Helping police find forgers

29 November 2017

Professor James Curran
Professor James Curran

Professor James Curran is working with American researcher Dr Patrick Buzzini of Sam Houston State University on a project that promises to help police identify the origin of fake banknotes through the printers used to make them.

Many of the banknotes are forged using high-resolution inkjet printers that can forge “quite plausible currency,” explains James, a forensic statistician. The pair aim to develop chemical profiles that will reveal what type and model of inkjet printer was used to produce a counterfeit bill.

Typically, suspect documents are compared to a reference sample by optical inspection, usually followed by thin layer chromatography, which separates the components of a substance, to address questions about their origin.

This investigation will add another method, Raman spectroscopy, to determine to what extent doubtful documents can be linked back to a source based on the three main colour components of the inkjet printing system, including mixes of cyan (blue), magenta (crimson) and yellow.

The US Secret Service has supplied around 100 fake notes that Patrick will survey using Raman spectroscopy. James will be handling the statistical side of this research, and will develop a novel statistical approach to analyse the complex data that will emerge. He has just been to Texas to advance the project and teach Patrick’s class some aspects of experimental design.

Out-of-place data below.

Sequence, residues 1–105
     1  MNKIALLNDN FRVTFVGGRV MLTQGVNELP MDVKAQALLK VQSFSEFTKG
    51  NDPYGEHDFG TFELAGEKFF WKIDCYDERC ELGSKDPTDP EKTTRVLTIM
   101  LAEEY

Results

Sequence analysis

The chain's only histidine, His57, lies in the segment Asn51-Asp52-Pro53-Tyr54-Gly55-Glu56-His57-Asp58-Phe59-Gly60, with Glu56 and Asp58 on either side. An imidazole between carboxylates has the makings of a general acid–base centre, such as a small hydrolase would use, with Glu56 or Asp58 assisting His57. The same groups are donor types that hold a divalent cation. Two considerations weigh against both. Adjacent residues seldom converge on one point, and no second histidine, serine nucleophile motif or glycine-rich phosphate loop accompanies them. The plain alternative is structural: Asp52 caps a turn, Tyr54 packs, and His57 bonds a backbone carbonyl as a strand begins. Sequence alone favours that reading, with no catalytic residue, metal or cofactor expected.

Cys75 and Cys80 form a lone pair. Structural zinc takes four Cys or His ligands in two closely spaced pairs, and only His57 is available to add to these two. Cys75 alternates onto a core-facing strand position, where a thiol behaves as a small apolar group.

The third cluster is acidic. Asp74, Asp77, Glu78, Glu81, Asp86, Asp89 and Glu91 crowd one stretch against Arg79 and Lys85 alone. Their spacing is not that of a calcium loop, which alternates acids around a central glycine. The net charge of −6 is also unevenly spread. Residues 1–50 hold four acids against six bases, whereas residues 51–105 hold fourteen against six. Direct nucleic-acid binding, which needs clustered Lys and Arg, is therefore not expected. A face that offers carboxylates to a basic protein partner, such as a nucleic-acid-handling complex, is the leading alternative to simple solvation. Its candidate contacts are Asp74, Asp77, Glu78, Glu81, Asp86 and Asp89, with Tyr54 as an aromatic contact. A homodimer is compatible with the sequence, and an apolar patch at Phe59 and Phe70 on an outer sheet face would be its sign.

While at Sam Houston State University, James was given a tour of the body farm that belongs to the institution. Bodies donated to science are left in the outdoors to decompose, with most of the research carried out there related to outdoor crime scenes.  

Says James, “An investigator, for example, might be interested in how a body would look if it had been burned and then left in the woods under corrugated iron for six weeks. Some of the cadavers we saw there had been burned and then left to decompose.”

The body farm – more officially named the Southeast Texas Applied Forensic Science Facility – is the largest of seven in the United States and one of two in Texas. It’s open only to scientists and law enforcement staff. At present, the science of decomposition is a relatively new discipline – the world’s first body farm was opened in Tennessee in 1972 – and James says there is scope for more statistics to be used in the studies conducted in them. “The issues are that the decomposition process is highly variable, and of course that there is a limit to how many cadavers can be used in such experiments.”